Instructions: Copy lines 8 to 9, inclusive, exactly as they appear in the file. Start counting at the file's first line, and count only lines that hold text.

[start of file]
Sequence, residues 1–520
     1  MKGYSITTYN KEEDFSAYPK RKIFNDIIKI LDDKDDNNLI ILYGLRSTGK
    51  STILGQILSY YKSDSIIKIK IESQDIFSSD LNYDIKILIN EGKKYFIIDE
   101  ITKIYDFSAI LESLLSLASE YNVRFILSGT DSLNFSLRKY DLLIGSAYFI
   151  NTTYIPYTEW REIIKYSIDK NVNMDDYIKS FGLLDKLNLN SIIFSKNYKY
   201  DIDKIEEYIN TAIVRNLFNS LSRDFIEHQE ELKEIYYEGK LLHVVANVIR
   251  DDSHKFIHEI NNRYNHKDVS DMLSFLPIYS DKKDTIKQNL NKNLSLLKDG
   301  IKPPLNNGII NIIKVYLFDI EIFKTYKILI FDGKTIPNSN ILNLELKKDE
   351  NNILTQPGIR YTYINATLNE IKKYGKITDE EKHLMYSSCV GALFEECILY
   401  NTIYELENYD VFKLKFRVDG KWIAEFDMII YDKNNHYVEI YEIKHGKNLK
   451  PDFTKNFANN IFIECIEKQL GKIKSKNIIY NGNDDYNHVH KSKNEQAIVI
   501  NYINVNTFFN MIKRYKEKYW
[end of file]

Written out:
   301  IKPPLNNGII NIIKVYLFDI EIFKTYKILI FDGKTIPNSN ILNLELKKDE
   351  NNILTQPGIR YTYINATLNE IKKYGKITDE EKHLMYSSCV GALFEECILY